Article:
me. Alone I lay reclined, being unable to maintain an upright position;
and thus I had a good opportunity for melancholy contemplation, not
unmixed with patriotic joy as I reviewed the battle which tended slowly
upwards. The deadly strife was surprisingly grand; yet the sublimity of
the scene defied all attempt at description. The wreck and destruction
of men and matter was strewn around; the piteous life-ending moans
of the wounded writhing in torture, and the loud yelling fury of the
maddened combatants, repeated by a thousand discordant echoes, were
truly appalling, especially to a person who being put out of the fight
could be only a spectator of the tumult. The fierce and continued
charge of the British was irresistible, nor could they be checked;
onward they bore, nor stopped to breathe, rushing forward through glen,
dale and forest, where vivid flashed the fire and bright gleamed the
steel. Yet they seemed to chase only the startled red deer, prowling
wolf or savage wild-boar, until they arrived at the steel-bristling
strongholds of the foe. Now they occupied the same level upon which I
lay. Here the battle raged in its utmost fury; and for a short time
it became stationary. The contending foes were the soldiers of the
two most warlike nations of Europe and the most steadfast in mutual
jealousy and aversion. The British legions impetuously rushed forward
on the native soil of France, resolved to uphold till death the honour
and glory of their country. Those of France with equal bravery and
resolution determined to resist to the last this insulting intrusion on
their soil. Thus mutually stimulated to madness, they met with a shock
tremendous. France nobly maintained her well-earned military fame;
but her surprisingly valiant deeds proved vain in this bloody border
strife, where noble emulation wrought up to the highest pitch the Percy
and Douglas and a third not nerveless arm, all now dealing forth
deadly blows under one and the same banner. What foe could resist their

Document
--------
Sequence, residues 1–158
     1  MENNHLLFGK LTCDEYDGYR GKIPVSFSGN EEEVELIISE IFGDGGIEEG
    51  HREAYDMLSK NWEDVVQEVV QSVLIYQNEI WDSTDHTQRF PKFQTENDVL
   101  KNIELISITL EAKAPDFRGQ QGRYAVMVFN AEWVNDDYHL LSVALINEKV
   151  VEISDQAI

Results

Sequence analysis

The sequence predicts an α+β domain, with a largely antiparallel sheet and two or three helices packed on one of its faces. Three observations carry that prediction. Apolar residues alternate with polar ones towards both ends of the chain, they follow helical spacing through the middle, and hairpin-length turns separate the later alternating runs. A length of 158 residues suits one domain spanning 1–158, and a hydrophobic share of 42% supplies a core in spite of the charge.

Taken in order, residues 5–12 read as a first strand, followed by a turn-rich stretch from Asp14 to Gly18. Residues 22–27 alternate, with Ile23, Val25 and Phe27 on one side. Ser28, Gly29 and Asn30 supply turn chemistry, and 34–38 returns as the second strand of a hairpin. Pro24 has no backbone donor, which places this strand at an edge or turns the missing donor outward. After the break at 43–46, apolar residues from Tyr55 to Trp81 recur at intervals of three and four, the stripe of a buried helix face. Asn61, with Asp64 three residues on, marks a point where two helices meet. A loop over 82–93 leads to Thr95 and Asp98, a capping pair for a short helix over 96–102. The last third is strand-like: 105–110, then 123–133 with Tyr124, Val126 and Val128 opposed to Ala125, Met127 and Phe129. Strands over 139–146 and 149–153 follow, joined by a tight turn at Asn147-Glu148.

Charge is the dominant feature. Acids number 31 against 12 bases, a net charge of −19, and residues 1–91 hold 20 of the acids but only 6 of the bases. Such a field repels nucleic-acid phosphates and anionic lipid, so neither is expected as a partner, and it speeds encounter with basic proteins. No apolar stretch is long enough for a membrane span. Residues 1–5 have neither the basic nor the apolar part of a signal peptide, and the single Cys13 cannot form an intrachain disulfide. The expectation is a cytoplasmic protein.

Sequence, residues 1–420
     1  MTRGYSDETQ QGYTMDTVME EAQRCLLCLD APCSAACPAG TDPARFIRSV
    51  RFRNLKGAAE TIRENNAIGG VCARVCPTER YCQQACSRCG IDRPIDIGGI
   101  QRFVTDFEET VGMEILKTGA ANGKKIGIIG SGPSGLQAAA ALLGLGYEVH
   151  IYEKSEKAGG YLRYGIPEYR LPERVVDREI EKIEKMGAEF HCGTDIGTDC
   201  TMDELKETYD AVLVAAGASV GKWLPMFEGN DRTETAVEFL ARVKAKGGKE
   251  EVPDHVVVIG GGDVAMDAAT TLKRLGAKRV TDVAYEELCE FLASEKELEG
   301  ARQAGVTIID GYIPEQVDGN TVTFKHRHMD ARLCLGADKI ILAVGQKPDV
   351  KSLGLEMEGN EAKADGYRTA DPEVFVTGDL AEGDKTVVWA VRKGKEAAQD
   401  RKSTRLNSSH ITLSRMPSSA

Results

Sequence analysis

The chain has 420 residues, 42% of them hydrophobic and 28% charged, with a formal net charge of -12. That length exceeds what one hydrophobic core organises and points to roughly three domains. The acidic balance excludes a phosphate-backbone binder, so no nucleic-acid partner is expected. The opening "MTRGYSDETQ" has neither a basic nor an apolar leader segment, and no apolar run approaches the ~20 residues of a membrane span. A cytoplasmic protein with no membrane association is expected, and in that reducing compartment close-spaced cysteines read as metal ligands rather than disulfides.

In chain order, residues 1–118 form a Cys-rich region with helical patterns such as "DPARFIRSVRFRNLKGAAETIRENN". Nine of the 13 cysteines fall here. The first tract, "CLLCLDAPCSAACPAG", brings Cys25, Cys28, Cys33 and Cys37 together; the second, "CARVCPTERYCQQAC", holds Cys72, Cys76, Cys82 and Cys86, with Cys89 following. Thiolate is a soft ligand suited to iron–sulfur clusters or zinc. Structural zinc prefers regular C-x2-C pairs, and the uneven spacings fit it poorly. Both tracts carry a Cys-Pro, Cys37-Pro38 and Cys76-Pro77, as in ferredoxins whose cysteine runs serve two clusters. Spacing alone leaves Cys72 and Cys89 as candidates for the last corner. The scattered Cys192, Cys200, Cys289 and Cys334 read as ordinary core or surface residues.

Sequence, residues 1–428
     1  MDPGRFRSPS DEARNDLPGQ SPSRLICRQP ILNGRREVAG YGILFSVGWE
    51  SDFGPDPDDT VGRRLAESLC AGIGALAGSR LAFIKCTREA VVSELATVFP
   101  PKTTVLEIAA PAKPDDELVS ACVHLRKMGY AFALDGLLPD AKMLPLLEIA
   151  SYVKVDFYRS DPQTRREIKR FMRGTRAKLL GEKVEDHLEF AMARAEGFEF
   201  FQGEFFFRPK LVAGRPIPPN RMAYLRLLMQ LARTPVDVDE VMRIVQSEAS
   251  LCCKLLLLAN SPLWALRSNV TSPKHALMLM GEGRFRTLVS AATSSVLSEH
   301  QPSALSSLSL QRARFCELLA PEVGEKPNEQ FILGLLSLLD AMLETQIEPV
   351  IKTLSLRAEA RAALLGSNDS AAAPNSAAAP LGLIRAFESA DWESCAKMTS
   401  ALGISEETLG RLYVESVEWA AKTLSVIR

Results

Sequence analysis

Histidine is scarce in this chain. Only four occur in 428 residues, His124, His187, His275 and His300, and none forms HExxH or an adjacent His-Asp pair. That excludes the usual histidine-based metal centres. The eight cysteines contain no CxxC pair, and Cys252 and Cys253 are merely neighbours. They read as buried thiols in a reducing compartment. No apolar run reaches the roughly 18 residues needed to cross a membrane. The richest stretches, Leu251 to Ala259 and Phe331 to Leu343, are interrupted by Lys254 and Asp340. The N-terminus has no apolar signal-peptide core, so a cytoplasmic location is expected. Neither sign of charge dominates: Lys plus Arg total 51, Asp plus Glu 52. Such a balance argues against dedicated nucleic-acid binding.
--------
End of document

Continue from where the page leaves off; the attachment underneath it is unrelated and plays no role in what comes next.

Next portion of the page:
united attack or penetrate the shield formed of the Rose, Shamrock and
Thistle when closely bound together in a union strong as lasting? What
foe could triumph over Wellington, who, born in Ireland, with the keen
policy of Scotland, adopting England and combining the genius of all
three, was the one appropriate chief to wield their united strength in
the field? A force constituted of such moral and physical strength,
and led by such a man could not long be withstood. The star of the
three united nations shone victorious on the summits of the lofty
Pyrenees, gilding the tall pines which capped their heads for miles and
foreboding downfall to Imperial France, since it was the star of true
liberty and national independence. The French on their side with broken
brand and fallen crest reluctantly gave way, sullenly retiring within
their national boundary, no longer invulnerable.

This memorable battle, which introduced the victorious British army
and their allies into France, commenced before daybreak and continued
until after dark. The enemy were beaten back from their strong frontier
position, losing fifty-one guns, two thousand prisoners, stores
incalculable and some thousands killed and wounded; the nature of
the ground prevented the number of these from being ascertained,–it
must have been immense. As to our regiment’s advance up the hill to
the attack, it may perhaps be alleged that I should not have urged
forward the colours so rapidly nor have been so far in front. Our
advance, considering the steepness of the hill, was certainly rather
rapid; but had we not thus rapidly advanced, as in a continued charge
through breastworks, we should have lost double the number of men; and
it certainly would not have fallen to the proud lot of our regiment
_alone_ to have stormed and carried the enemy’s great redoubt; and
this we did, as may be gathered from the remark made by Vincent and
L’Estrange about the 61st Regiment. But it is of little consequence
whether I kept up with the colours or the colours came on at my pace;